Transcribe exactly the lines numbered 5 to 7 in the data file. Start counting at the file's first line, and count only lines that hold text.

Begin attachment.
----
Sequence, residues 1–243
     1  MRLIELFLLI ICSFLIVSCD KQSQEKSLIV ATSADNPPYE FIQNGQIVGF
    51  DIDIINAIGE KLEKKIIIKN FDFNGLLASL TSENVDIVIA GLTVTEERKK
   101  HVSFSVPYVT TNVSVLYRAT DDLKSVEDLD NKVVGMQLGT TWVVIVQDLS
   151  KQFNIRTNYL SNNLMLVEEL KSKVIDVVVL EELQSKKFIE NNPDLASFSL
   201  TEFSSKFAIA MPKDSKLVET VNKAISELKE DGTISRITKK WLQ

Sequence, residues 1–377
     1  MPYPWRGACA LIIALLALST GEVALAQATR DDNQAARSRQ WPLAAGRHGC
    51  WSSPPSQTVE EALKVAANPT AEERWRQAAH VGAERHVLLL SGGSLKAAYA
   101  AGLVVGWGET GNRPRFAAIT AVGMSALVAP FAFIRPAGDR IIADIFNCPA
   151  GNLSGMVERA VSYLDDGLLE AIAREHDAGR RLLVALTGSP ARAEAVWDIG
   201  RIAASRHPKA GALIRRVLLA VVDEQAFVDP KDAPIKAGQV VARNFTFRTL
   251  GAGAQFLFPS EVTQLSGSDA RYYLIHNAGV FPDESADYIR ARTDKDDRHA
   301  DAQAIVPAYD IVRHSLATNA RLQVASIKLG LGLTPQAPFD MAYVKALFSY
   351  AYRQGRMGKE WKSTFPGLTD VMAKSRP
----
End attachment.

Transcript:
   151  KQFNIRTNYL SNNLMLVEEL KSKVIDVVVL EELQSKKFIE NNPDLASFSL
   201  TEFSSKFAIA MPKDSKLVET VNKAISELKE DGTISRITKK WLQ

Sequence, residues 1–377